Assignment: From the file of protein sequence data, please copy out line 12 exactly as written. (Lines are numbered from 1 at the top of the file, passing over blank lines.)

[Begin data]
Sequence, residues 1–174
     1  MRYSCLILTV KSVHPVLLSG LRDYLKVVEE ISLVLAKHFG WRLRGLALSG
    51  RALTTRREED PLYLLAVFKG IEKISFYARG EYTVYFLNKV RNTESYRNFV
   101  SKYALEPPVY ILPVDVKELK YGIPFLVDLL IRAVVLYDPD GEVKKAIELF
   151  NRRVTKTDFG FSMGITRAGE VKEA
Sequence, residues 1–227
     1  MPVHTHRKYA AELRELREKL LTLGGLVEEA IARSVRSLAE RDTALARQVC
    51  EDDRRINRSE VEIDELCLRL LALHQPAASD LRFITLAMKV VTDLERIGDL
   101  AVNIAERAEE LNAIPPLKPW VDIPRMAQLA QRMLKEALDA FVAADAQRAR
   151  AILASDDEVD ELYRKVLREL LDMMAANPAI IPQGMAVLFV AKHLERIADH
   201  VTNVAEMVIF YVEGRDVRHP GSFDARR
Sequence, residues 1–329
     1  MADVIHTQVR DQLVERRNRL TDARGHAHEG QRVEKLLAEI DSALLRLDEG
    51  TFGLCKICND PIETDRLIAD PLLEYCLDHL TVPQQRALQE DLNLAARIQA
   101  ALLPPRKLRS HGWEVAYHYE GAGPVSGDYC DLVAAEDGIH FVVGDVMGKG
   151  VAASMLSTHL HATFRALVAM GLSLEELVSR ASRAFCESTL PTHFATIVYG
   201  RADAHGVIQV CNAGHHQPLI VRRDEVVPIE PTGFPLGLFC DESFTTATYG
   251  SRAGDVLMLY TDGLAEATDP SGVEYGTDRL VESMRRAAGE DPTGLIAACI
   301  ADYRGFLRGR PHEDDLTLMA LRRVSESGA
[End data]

Sequence, residues 1–329